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Aadhithiruvarangam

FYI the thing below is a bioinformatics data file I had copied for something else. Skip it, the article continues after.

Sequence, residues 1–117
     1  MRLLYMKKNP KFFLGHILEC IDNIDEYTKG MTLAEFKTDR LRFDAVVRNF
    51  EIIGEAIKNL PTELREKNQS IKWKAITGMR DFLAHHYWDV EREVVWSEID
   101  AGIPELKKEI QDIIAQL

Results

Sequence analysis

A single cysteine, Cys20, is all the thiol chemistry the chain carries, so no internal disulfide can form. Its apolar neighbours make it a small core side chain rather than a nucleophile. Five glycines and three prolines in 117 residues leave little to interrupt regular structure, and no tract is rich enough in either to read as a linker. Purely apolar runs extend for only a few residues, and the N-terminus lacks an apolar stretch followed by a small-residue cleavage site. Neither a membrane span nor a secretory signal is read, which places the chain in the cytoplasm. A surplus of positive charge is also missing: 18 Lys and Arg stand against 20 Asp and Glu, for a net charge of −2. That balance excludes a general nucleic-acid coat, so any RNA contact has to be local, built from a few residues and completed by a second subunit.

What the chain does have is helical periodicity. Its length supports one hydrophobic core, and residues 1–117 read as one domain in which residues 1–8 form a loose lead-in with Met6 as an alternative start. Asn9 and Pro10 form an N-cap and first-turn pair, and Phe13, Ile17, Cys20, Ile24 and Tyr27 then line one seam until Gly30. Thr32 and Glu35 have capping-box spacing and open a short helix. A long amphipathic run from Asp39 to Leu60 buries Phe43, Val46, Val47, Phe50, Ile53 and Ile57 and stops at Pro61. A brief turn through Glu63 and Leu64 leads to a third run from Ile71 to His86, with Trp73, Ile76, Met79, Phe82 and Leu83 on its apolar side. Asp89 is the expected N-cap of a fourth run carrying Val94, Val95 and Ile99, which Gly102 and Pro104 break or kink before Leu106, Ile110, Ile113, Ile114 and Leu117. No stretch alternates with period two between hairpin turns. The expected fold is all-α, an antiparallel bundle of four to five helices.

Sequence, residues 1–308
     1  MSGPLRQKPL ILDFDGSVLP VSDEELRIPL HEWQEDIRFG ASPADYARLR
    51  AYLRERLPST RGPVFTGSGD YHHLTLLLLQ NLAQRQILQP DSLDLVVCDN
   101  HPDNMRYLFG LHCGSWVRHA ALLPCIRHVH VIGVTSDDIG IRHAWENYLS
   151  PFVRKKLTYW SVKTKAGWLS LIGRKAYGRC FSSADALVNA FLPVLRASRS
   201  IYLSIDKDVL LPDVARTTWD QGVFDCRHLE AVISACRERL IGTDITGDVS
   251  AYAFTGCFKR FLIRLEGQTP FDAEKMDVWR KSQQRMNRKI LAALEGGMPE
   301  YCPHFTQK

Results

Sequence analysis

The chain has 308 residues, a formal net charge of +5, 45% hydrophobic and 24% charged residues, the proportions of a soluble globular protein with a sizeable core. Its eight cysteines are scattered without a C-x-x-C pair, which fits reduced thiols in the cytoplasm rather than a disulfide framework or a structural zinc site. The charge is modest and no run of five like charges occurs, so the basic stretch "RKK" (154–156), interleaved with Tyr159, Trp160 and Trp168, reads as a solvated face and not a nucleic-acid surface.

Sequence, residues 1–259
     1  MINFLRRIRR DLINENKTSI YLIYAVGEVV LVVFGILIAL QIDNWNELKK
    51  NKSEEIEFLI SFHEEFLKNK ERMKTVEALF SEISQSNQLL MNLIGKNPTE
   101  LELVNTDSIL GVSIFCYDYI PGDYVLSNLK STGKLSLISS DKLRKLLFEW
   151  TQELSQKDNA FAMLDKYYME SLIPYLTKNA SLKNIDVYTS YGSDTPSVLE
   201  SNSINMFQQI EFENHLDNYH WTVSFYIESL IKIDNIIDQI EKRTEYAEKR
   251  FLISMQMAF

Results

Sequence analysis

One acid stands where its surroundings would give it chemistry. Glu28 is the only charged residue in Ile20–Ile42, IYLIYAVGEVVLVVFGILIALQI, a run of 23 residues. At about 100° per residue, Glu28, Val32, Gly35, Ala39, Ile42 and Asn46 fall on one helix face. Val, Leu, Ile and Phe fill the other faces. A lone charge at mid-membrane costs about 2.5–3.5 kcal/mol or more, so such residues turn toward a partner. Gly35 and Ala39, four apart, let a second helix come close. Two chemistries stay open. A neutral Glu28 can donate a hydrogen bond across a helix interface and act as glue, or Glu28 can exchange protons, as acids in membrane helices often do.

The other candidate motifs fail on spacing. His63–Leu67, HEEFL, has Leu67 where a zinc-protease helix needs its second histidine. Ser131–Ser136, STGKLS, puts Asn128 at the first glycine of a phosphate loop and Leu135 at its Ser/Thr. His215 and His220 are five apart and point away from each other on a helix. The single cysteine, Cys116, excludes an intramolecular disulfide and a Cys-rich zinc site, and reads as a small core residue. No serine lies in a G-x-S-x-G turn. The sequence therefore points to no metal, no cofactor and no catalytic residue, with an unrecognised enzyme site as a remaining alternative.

We stood before Him feeling as if we had broken the bank or hit the jackpot. Luck , or more correctly His unfathomable will, had a great part to play in it. "Yadricchaya" as the Adi Kavi often wrote at the crucial junctures in Ramayana. From Thirukoilur, the domain of Trivikrama we had planned to go to the land of Varaha, Srimushnam. "Yadricchaya" we were directed to Aadhitiruvarangam, a village, nay a hamlet on the banks of the Then - south Pennaiaaru where a magnificent Ranganatha was ready to bestow grace on us. From under the shadows of the rajagopuram of Ayyan we motored to Madampoondi on the road to Shankarapuram and then a right turn at a junction of four roads. A motorable road leads us to the bridge over the river but well before it a left turn and a road with more curves than a book on sculptures leads us to Aadhitiruvarangam. At a mandapa we take a right turn and another "s" like road suddenly brings us to a huge fortress . A banyan tree provides shade and we park our car. Nearby there is a sanctum of Thiruvadi in his usual humble posture. We offer prayers to him and entreat him to show us our Lord. If he cant who can? Did he not unite Rama and Seetha? To our right is the bone dry Pennar. All Ranganathas are "Kaveritheera rasikas" viz. at Srirangam,Srirangapattana, Shivasamudra, Tiruindaloor etc. Here He is gracing the bank of Pennar and water rarely flows in it. This place in the S.Arcot district is drought prone and rocky. What to say of the affability,amiability and accessibility of the Archa forms of our Lord. They can be found everywhere irrespective of the lay of the land. Of all the Ranganathas we have been fortunate enough to witness, Aadhitiruvarangam Ranganatha is the most cosy and comfortable one. We will come to that later. The sthala purana quoting from Skanda Purana tells us that Ranganatha here is much senior to Ranganatha at Srirangam. He appeared here in the first epoch the Krita yuga.The four faced Brahma had managed to lose the Vedas, a regular transgression of his, and our Lord took up the form of a huge fish and regained it. He then took up station as the reclining Ranganatha and His left hand is high up in the air with His delectable digits in the swara mudra. The thumb and the long finger are in contact. He appears to be chanting the Vedas to the four faced Brahma who is seated attentively on a lotus arising from our Lord's navel, "ayyanai padaithathoru ezhil undhi" as Paanperumal sang. It is incomprehensible how all the Azhwars missed this ancient Deity. He was safeguarded from the hordes of aliens by Paranthaka Chola who built this huge fortress. As soon as we enter into the fort, to our right we see a huge three tiered almost hemispherical silo like structure. May be it was used to store essentials during the siege. We reach a huge hall which has been recently renovated. We are told that the Seshadri ashram of Tiruvannamalai took up this chore of "punnarudharanam" of the whole temple in 2008-09. They deserve our heartfelt gratitude as they have done a near perfect job.Prior to that time this superb temple was in a very sorry state. Srirangam Srimad Andavan Ashrama also contributed to the renovation, so we are told. We offer obeisance at the base of the flag staff, dvajasthamba, and proceed onwards. To our right is the entrance to a small hall where we see the